By Suzanne Wood, Ph.D., University of Toronto
When David Epstein introduces us to Judy Swanson, a professor of political philosophy, in Chapter 8 of Range, she was at a conference about overspecialization in the social sciences. Epstein notes that, to him, Dr. Swanson seemed quite specialized. Of the forty-four articles and books listed on her webpage, each one had “Aristotle” in the title. Dr. Swanson, however, viewed her academic career quite differently. She is not specialized enough. Why? She teaches undergraduates. When she teaches undergraduates, she needs to think and talk and learn about more than Aristotle. “There is this feeling of frustration…that I should be doing something more specialized” Swanson explains (p. 181).
Range is not a book about pedagogy, psychology, or graduate students, so it may seem like a strange fit as an entry in the Society for the Teaching of Psychology’s Graduate Student Teaching Association blog. However, this book could be one of the most important works you read in your graduate studies.
Academic Success Is for the Hedgehogs
In the odyssey of graduate school, you are either excitedly embarking upon this voyage, in the murky depths of it, or struggling to just finish the thing, doggy paddling ashore with a leathery sunburned face and a deflated volleyball as your companion. You succeeded as an undergraduate. You overcame the hurdles to gaining admission into grad school. Even if your plans are now to leave academia, you have spent enough time within its hallowed walls to absorb its culture. Academia tells us that narrowing in on one topic is the path to success.
And this is true. To be a successful academic today, you must be a hedgehog. Using terms coined by Philip Tetlock, a psychologist and political scientist, Epstein divides us into hedgehogs, or those who burrow deep into one field, and foxes, who wander about, learning a little about a lot (p. 221). Hedgehogs are absolutely necessary for the progression of knowledge. In psychology, we need the “methods person”, who is able to show us how to properly use our eye-tracker in conjunction with the heart rate monitor and analyze the resultant data. We need our cingulate cortex expert. Our norepinephrine aficionado. We would be nowhere without these specialists.
However, there is a danger in filling our universities and research institutions with nothing but specialists. The current incentive structure of academia does not allow room for foxes, even if, as Epstein argues throughout Range, they may be better equipped for handling problems that necessitate creative or divergent thinking. Using examples from as far afield as the development of the Nintendo Game Boy, the success of the Girl Scouts organization, the creation of Van Gogh’s lily pad series, and on, Epstein explores the making of the minds behind some of the biggest innovations of our time. Their stories share a common thread: a seemingly bizarre and unpredictable path to success. Epstein argues, though, that these stories are not at all bizarre. In fact, the longer the delay until settling upon a path in life, the more varied the initial life experiences, the greater the chance of finding a person with a true capacity for creativity and innovation.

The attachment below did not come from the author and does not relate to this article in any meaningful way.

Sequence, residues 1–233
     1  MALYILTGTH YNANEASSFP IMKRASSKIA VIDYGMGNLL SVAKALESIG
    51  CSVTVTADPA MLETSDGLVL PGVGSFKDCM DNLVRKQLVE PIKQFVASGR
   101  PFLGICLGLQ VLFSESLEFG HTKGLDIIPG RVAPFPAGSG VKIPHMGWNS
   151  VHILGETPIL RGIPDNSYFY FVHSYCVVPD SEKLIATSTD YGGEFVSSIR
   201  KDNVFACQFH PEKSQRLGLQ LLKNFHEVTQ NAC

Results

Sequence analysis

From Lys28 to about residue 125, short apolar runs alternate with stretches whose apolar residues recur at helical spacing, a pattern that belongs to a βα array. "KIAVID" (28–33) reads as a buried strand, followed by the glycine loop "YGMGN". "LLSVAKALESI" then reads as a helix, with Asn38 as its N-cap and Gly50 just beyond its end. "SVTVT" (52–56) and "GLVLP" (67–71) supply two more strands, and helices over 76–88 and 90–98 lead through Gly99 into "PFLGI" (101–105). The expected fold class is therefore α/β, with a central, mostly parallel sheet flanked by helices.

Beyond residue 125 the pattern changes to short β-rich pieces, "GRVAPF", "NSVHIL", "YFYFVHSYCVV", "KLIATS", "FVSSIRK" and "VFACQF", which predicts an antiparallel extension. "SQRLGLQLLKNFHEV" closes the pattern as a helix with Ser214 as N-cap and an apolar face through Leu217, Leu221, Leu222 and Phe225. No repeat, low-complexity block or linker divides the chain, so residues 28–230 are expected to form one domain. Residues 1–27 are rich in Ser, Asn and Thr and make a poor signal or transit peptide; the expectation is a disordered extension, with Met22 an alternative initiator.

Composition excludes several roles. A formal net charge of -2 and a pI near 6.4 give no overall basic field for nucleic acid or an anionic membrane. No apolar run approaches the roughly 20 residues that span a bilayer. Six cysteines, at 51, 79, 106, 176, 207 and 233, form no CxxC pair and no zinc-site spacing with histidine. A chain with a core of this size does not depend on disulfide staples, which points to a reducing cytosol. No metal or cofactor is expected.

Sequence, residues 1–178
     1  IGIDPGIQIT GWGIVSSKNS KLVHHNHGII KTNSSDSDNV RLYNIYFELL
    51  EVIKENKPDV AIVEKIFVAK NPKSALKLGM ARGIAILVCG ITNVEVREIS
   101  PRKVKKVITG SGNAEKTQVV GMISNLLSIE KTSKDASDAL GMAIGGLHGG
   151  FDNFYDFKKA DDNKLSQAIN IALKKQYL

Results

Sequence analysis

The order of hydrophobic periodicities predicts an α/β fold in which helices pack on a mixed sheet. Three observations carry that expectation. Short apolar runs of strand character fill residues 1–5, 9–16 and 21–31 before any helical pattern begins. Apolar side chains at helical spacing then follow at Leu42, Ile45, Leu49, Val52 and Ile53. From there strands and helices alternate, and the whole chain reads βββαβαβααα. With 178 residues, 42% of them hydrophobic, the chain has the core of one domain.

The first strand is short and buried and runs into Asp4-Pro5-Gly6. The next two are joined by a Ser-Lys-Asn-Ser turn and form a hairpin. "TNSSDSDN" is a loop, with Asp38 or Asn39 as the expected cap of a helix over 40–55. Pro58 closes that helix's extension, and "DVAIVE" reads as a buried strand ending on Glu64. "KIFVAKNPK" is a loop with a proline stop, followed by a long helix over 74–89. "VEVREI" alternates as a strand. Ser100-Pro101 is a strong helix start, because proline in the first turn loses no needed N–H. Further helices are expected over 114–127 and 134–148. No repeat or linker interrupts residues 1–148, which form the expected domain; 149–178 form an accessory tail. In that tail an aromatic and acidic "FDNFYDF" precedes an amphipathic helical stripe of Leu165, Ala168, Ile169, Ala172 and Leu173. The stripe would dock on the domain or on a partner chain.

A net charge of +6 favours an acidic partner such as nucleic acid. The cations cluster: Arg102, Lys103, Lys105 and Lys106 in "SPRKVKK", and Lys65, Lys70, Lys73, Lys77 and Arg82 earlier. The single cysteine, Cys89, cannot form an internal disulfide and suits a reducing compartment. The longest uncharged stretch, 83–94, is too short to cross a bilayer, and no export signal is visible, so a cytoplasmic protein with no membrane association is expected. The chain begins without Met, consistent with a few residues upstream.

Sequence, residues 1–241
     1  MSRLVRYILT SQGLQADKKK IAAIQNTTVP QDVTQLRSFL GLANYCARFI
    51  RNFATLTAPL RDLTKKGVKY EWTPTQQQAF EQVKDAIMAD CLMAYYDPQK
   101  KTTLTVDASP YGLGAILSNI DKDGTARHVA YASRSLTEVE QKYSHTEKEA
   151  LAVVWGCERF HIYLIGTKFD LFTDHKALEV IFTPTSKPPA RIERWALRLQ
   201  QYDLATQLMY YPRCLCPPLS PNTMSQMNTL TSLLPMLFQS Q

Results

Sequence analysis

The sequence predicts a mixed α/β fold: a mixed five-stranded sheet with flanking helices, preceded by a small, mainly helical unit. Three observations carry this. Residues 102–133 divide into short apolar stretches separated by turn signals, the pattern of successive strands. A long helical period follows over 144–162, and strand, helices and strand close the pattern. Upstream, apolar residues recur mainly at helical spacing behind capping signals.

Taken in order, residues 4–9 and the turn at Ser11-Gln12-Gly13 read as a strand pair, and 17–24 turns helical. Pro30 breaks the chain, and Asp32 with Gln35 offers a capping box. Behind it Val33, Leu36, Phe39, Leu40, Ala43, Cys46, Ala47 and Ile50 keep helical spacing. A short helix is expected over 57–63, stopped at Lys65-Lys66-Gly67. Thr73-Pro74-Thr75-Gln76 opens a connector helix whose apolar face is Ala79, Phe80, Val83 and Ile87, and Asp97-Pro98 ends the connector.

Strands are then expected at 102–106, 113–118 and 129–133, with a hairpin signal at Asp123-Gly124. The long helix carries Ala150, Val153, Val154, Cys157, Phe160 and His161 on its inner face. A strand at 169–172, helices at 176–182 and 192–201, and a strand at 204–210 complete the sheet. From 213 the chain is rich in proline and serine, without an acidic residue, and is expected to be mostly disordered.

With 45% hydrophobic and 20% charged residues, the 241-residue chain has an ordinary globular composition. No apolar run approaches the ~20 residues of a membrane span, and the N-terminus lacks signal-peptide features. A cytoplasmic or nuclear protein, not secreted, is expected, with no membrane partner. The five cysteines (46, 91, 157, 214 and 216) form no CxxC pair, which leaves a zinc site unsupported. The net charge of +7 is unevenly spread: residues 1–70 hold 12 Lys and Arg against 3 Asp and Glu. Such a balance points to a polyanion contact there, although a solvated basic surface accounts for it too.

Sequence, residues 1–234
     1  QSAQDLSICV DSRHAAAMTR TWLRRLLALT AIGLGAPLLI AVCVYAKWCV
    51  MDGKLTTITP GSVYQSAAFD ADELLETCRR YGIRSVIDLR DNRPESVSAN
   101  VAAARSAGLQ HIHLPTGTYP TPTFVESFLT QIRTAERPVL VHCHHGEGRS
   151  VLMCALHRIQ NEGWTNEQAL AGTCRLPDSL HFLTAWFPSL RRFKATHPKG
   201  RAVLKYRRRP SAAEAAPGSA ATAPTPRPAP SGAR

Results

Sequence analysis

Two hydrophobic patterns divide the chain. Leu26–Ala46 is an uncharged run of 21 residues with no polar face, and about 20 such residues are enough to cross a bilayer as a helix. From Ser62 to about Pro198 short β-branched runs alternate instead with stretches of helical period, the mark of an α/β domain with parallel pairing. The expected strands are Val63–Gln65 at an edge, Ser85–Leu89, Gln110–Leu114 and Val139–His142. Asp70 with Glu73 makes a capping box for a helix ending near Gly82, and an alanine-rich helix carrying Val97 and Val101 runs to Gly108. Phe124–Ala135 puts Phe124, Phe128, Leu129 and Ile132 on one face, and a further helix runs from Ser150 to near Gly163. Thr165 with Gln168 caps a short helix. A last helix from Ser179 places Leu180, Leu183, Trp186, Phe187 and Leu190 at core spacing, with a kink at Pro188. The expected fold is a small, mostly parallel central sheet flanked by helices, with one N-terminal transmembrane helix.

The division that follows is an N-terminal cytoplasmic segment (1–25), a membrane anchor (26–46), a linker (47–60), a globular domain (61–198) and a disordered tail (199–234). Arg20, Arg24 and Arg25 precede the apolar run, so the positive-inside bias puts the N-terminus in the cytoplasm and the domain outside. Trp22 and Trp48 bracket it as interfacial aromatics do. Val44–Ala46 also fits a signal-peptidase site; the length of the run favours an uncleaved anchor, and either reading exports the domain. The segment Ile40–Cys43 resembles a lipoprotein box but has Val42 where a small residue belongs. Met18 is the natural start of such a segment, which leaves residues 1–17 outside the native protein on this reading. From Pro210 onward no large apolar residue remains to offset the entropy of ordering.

In academics, the immediate success of a paper (typically determined by factors such as the prestige of the journal of publication, citations within the first year, etc.) can inform everything from hiring decisions to pay raises. Successful papers tend to be written by hedgehogs. If considering long-term impact of work, though, foxes seem to come out ahead:
“A separate, international team analyzed more than a half million research articles, and classified a paper as ‘novel’ if it cited two other journals that had never before appeared together. Just one in ten papers made a new combination, and only one in twenty made multiple new combinations. The group tracked the impact of research papers over time. They saw that papers with new knowledge combinations were more likely to be published in less prestigious journals, and also much more likely to be ignored upon publication. They got off to a slow start in the world, but after three years, the papers with new knowledge combos surpassed the conventional papers, and began accumulating more citations from other scientists. Fifteen years after publication, studies that made multiple new knowledge combinations were way more likely to be in the top 1 percent of most-cited papers.